Coming face to face with some difficult questions

Coming face to face with some difficult questions

There were hardly a pair of eyes that were not moist while watching a poignant play that helped one connect with their inner selves and gave courage to pose some difficult questions.

'The Woman in Me' brings one face to face with the questions we are afraid to ask ourselves. Loosely based on the concept that there is a man in every woman and vice a versa, the play attempts to bring our attention to the inner self that needs love and respect.

The play begins with a man who represents a husband standing in front of the mirror in his bathroom looking and interacting with his deceased who continues to live in him through his inner thoughts. The play depicts the woman in him that represents his wife asking to be loved, to be respected and valued as a person which she failed to receive from the husband. The husband feels love is ownership and a sense of possession, failing to realise it is the little moments of joy, romance, fights and the freedom to be oneself .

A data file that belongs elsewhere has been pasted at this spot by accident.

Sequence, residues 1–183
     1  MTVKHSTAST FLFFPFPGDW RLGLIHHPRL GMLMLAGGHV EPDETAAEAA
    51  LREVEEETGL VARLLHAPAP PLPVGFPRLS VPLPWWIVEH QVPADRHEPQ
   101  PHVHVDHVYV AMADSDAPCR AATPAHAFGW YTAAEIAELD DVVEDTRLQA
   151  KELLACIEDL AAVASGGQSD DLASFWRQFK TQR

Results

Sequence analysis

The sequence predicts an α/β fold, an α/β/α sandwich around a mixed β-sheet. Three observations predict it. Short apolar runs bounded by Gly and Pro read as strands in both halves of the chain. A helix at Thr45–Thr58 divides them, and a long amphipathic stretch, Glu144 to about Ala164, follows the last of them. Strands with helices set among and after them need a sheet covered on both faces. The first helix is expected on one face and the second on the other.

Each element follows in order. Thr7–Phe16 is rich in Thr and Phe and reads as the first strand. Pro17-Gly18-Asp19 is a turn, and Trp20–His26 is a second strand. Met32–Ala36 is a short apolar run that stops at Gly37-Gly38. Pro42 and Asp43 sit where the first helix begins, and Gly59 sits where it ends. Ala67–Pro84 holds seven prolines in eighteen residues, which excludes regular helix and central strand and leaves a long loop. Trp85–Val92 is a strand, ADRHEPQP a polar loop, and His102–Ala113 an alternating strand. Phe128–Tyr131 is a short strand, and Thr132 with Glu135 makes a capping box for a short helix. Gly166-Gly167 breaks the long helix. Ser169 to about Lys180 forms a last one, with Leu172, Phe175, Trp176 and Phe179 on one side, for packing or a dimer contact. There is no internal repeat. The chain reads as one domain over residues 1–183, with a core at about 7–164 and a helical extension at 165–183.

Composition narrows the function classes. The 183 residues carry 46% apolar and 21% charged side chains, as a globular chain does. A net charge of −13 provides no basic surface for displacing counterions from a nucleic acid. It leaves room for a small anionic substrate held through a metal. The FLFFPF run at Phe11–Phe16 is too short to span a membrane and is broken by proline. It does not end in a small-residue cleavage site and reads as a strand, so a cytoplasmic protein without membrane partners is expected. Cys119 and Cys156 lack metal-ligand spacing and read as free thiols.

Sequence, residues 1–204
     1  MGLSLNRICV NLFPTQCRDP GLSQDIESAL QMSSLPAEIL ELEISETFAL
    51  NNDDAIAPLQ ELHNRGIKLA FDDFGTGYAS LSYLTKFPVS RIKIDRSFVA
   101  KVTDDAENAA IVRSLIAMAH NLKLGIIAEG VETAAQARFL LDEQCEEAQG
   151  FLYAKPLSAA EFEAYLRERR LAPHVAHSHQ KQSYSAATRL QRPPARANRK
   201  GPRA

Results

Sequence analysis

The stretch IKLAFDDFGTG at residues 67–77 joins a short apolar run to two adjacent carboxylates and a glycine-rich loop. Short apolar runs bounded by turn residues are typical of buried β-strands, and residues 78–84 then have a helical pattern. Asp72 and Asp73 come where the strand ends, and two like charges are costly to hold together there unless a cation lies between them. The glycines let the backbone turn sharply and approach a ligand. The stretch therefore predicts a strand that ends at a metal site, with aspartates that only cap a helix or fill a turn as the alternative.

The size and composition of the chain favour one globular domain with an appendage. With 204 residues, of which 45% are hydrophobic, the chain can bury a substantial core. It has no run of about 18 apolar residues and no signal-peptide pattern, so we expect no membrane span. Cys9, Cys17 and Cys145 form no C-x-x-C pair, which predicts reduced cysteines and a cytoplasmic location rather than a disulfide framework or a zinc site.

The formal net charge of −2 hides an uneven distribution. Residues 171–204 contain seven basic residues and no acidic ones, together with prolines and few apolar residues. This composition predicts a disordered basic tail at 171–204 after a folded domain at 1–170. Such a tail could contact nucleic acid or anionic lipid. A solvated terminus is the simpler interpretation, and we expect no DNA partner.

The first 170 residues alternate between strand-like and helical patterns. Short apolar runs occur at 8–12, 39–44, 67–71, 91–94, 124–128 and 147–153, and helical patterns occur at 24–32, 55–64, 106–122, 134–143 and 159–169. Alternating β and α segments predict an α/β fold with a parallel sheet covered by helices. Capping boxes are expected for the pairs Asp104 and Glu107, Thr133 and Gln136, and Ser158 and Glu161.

The woman in him confronts him on the questions he has been running away from all his life. She questions his ego and why can't he love and respect her as a person for what she is.

The poignant drama unravels in the bathroom with silhouettes of shocking events playing in the background.

The play brings to light the way a woman is portrayed in the patriarchal society that objectifies women and considers her to be an object to be owned. The play ends on a tragic note as the man acknowledges his love for his wife long after she is gone.

Pawan Kumar, the director of the play, portrays the woman brilliantly. The troubled husband played by Salmin Sheriff proves his mettle and succeeds in striking a chord with the audience.

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